Nitrous Oxide Emission from Crop Fields and Its Role in Atmospheric Radiative Forcing

Deepanjan Majumdar

8.1 Introduction

Nitrous oxide, popularly known as a laughing gas has emerged as an important gas for environmental sustainability. In the troposphere, N2O is a chemically inert gas, but acts as a potential greenhouse gas. The greenhouse effect of N2O was first reported by Yung et al. (1976). Global warming potential of N2O, over a time horizon of 100 years, is measured 296 times that of CO2 (Ramaswamy et al. 2001). Therefore, an increasing trend of atmospheric N2O is a serious concern, although N2O emission is very low as compared to CO2, the most abundant greenhouse gas in the atmosphere (IPCC 1996a). Nitrous oxide emission from 1750 to 2000 has caused an atmospheric radiative forcing of 0.15 Wm-2 or 6% of the enhanced radiative forcing by well-mixed greenhouse gases during this time, equivalent to 2.43 Wm-2. While other greenhouse gases, like CO2, CH4 and halocarbons, have contributed 1.46, 0.48 and 0.34 Wm-2, respectively. Thus, global average surface temperature (the average of near surface air temperature over land and sea surface temperature) has increased by 0.6 ± 0.2°C over 20th century (IPCC 2001).

Before the effect of N2O on radiative balance of atmosphere could be recognized, Crutzen (1970) had pointed out its vital role in the destruction of stratospheric ozone (O3), which protects the biosphere from harmful UV-B radiation (280 nm < \ < 320 nm) (Baird 1995). Photooxidation of N2O is the major source of stratospheric NOx ("active nitrogen"), which is the main catalyst of gas-phase O3 destruction at altitudes between 25 and 40 km above earth's surface (Brasseur et al. 1999). A doubling of the atmospheric N2O might increase the UV-B entry to atmosphere by about 20% causing a 10% decrease in the O3 layer (Crutzen and Ehhalt 1977). Shea (1988) estimated that there would be 4-6% increase in skin cancer with each 1% drop in O3 layer. Because N2O is photolysed more rapidly in the stratosphere by the enhanced UV flux, the increase in N2O mixing ratio is diminished (Prather 1998).

Air Pollution Control Division, National Environmental Engineering Research Institute, Nehru Marg, Nagpur - 440020, India e-mail: [email protected]/[email protected]

S.N. Singh (ed.), Climate Change and Crops, Environmental Science and Engineering, DOI 10.1007/978-3-540-88246-6.8. © Springer-Verlag Berlin Heidelberg 2009

Measurements on entrapped N2O in polar ice indicate that global concentration of N2O is highest in recent times during the past 45,000 years (Leuenberger and Siegenthaler 1992). After the last ice age, N2O concentration increased and then remained constant at ~275ppbv for about 10,000 years until the 19th century. Then after, globally averaged surface-mixing ratio increased from about 270nmolmol-1 (ppbV) in pre-industrial times (1750) to about 314nmolmol-1 in 1998 and continued to grow at a current rate of 0.8±0.2nmolmol-1 yr-1 or +0.25 ± 0.05% yr-1 (Prather et al. 2001).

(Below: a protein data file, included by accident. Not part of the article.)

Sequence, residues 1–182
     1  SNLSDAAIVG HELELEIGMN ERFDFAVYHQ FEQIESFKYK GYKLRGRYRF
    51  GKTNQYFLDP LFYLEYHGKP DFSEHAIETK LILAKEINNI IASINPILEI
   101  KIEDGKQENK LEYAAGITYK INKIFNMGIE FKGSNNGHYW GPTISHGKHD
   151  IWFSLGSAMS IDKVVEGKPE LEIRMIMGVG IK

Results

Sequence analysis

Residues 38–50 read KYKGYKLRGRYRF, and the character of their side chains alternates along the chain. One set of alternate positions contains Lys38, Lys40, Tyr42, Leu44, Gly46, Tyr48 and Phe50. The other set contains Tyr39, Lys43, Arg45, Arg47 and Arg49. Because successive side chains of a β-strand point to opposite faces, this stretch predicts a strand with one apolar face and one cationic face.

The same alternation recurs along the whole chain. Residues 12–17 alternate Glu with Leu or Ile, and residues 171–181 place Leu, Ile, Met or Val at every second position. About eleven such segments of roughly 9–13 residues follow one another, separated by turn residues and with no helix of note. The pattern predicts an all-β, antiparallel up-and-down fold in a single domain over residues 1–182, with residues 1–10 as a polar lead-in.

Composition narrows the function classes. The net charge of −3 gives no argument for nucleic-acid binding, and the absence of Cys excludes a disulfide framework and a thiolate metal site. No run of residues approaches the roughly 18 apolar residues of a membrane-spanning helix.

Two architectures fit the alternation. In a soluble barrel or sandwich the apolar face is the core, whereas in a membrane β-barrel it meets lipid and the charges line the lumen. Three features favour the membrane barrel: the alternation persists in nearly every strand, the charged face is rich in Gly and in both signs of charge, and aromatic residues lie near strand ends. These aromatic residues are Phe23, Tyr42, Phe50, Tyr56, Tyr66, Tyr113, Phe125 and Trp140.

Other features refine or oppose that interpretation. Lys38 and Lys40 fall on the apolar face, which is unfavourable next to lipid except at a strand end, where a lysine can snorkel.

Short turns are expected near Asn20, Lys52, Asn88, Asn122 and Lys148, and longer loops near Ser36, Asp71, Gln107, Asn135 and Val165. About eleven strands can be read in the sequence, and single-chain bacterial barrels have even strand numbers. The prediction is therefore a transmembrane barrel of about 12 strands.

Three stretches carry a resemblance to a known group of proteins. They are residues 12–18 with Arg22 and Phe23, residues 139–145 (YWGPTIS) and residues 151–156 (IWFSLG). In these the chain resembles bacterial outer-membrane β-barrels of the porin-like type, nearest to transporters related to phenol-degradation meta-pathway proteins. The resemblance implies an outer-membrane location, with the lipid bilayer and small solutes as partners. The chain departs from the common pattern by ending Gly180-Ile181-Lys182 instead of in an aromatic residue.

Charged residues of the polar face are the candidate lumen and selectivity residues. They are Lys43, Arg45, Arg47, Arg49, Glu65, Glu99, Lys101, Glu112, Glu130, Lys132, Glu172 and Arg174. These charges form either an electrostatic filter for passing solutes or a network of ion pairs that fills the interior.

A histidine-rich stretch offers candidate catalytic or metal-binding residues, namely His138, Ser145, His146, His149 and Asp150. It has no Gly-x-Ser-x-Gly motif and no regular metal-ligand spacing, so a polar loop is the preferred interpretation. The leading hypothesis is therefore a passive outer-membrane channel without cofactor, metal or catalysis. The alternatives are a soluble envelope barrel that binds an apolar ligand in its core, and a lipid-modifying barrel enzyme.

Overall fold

Emission of N2O from soil is termed as a loss of added and residual soil N, which is indeed an economic loss. However, this loss is marginal in terms of nitrogen. The deleterious effects of N2O in atmosphere assume a greater significance due to its high atmospheric lifetime which is estimated between 110 and 168 years (Cicerone 1989; Prinn et al. 1990). Due to its high residence time in the atmosphere, atmospheric burden of N2O will persist for many years, even if its emission is completely stopped now. Even a low rate of N2O increase results in its atmospheric accumulation and any concentration perturbation will last for centuries. So, role of N2O, both as a greenhouse and O3 depleting gas combined with its long atmospheric lifetime, calls for its mitigation. It is one of the targetted greenhouse gases under 1997 Kyoto Protocol, which warrants emission limitations and reduction commitments for greenhouse gases, not controlled by the Montreal Protocol.

8.2 Global N2O Budget

Among the atmospheric nitrogen species, N2O abundance comes second to molecular nitrogen (N2). Nitrous oxide budget is still not well quantified today due to uncertainties in the estimation of individual sources. Several researchers have come out with budgetary estimates at different times using available literature and data (McElroy and Woofsy 1986; Davidson 1991). Frequent updating of estimates is necessary since individual source strengths vary widely with time due to wide heterogeneity of the systems emitting N2O and the complex interactions of physical, chemical and biological variables. Table 8.1 shows a compilation of recent estimates on global N2O emissions from different sources (IPCC 1996b).

8.3 Guidelines for Greenhouse Gas Inventorization from Crop Fields vis-a-vis Agriculture

IPCC has provided a detailed methodology to estimate national greenhouse gas inventories from agriculture, which has been published in documents, like "Revised 1996IPCC Guidelines for National Greenhouse Gas Inventories" (http://www.ipcc-nggip.iges.or.jp/public/gl/invs1.htm) and "Good Practice Guidance and Uncertainty Management in National Greenhouse Gas Inventories" (http://www.ipcc-nggip.iges.or.jp/public/gp/english/). The methodology attempts to relate N2O

Table 8.1 Estimates of global N20 budget (Tg N year-1) (IPCC 1996b)

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